An innovative method of sustainable wooden modular construction has been selected for the building of 32 schools in Berlin by 2025
6 of these schools have already been constructed and the rest will shortly be underway. One of the schools is made up of almost 100 modules, each 3-m wide and 8-m long.
All of the modules have been prefabricated offsite and assembled on the construction site. Construction is under The Senate Department for Urban Development & Housing and Metsä Wood’s Kerto® LVL beams have been used.
The decision was made by the structural designers to use beams made of the high-performance and easy-to-process GLVL (Glued laminated veneer lumber).
To achieve a column-free floor plan for classrooms, 8-m long lightweight high-performance GLVL beams had to be used at the joint of the modules.
Sebastian Hagspiel, project manager at Kaufmann Bausysteme elucidates: “For structural reasons, glulam was not suitable for this project. Steel beams were also not a solution for us or the architects.”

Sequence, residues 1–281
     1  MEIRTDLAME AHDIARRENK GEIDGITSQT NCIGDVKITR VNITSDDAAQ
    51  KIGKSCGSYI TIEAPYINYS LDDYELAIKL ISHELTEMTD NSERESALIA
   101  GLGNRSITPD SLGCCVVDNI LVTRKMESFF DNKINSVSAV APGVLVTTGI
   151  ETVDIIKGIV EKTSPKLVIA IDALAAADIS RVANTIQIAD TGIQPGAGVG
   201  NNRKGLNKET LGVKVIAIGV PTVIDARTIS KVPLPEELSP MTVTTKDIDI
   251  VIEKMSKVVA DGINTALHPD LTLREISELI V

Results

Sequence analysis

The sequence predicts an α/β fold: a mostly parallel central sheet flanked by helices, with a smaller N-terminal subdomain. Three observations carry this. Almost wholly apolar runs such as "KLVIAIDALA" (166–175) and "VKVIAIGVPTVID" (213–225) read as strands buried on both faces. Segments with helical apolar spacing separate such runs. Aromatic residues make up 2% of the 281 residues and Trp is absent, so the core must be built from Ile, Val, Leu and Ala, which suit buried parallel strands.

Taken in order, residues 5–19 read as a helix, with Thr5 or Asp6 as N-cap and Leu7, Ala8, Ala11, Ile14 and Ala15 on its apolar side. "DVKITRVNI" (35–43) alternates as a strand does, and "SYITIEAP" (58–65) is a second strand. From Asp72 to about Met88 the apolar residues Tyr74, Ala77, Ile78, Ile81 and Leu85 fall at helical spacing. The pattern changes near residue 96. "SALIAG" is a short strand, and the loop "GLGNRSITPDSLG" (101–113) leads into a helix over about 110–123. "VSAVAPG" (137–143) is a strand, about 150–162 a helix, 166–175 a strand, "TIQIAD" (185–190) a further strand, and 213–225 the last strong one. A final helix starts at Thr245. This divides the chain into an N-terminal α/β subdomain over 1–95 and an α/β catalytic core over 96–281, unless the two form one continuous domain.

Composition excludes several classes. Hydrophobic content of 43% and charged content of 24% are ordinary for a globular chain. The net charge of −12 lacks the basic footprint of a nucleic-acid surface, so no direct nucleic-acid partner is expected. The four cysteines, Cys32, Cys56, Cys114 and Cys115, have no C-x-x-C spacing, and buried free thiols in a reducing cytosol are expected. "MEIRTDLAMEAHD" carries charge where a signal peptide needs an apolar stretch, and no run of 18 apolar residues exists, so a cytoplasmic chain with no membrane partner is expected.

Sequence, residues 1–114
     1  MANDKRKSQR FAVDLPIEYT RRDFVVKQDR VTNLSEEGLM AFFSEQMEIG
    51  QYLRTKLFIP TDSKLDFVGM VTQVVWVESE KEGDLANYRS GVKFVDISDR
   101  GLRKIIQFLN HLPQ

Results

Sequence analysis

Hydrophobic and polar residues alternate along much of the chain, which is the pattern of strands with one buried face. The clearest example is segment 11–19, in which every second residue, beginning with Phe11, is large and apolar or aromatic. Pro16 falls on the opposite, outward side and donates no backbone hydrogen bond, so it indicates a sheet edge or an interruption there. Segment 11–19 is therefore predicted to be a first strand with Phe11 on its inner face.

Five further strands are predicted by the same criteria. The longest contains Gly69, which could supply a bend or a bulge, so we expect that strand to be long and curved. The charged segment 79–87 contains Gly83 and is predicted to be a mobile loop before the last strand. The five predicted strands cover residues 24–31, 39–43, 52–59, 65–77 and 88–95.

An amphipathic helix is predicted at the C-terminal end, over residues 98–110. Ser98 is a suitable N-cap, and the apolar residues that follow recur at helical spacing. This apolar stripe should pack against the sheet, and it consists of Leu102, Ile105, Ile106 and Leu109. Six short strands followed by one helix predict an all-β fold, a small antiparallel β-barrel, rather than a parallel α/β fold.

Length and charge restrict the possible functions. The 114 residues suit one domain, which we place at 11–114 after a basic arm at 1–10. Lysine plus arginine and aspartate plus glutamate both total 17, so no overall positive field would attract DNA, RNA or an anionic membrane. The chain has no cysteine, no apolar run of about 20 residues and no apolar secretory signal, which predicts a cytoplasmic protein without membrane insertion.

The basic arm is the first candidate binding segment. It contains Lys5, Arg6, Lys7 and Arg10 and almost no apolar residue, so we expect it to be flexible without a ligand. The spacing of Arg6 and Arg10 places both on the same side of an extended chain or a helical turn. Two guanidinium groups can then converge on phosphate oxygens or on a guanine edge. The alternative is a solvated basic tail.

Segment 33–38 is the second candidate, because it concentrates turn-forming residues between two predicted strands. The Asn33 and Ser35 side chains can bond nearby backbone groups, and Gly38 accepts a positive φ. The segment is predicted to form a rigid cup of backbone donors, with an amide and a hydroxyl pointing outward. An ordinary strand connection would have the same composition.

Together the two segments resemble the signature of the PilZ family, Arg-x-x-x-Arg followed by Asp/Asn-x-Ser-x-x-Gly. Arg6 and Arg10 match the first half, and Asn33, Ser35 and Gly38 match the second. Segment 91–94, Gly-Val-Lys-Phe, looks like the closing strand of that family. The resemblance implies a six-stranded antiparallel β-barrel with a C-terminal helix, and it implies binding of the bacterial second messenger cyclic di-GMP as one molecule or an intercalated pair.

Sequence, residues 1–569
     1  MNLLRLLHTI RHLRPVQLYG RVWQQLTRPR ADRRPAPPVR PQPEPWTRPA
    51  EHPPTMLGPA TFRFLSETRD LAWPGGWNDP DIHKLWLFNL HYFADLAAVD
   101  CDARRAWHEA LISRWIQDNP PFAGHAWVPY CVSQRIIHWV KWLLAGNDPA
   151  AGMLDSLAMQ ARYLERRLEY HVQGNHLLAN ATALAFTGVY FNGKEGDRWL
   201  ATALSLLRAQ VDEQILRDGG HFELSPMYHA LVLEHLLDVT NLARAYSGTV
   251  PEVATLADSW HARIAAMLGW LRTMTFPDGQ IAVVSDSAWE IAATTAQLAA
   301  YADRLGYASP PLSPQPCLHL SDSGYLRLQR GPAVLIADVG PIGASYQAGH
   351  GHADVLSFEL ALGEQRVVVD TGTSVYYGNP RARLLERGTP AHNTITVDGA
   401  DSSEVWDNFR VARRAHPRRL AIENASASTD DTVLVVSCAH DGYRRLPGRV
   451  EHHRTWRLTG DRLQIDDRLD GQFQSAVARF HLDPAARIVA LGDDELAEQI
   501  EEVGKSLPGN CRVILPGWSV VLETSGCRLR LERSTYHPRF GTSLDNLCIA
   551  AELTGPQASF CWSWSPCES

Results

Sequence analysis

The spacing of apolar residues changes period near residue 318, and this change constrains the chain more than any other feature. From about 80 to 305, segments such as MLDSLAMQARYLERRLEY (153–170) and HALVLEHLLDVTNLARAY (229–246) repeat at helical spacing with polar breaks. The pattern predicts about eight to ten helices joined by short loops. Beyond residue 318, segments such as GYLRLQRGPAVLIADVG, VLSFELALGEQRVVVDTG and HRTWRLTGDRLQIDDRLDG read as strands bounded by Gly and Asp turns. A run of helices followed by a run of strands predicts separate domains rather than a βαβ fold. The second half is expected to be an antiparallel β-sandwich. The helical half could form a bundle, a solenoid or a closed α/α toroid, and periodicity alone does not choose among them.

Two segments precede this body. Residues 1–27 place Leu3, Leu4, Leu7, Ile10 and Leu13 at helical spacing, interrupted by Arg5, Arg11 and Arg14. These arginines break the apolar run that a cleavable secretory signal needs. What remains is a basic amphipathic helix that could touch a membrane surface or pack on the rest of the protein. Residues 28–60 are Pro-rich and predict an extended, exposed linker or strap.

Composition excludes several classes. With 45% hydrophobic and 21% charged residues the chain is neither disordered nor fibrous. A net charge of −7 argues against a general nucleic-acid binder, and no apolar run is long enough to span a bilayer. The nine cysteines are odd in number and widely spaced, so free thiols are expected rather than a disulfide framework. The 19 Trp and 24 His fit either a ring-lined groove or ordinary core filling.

Wooden modular construction: fast and economical
Berlin is keen to become the world’s major metropolis for wooden modular construction or at least one of them. Right now, three-storey wooden schools are being built in Berlin by Austrian prefabrication constructor Kaufmann Bausysteme (KBS).
“6 schools have already been built and a total of 32 schools are to be built by 2025. The speed of the offsite construction method was a decisive factor. With the prefabricated wooden modules, the construction time can be halved” explains Hagspiel.
‘LVL is stronger in strength-to-weight ratio than steel’
The GLVL was manufactured by Holzwerke Bullinger using Metsä Wood’s Kerto LVL.
Ingo Faller from Bullinger’s sales department describes the process as efficient: “We have updated our standard glulam process so that we can use LVL beams. The GLVL beams have a high bending strength.
“In the GLVL process, laminated veneer lumber (LVL) beams are glued together. Compared to glulam, LVL is uniform in quality and therefore has an extremely high static load-bearing capacity.
“As a result, GLVL beams have a much higher flexural strength. Interestingly, LVL is stronger in strength-to-weight ratio than steel.”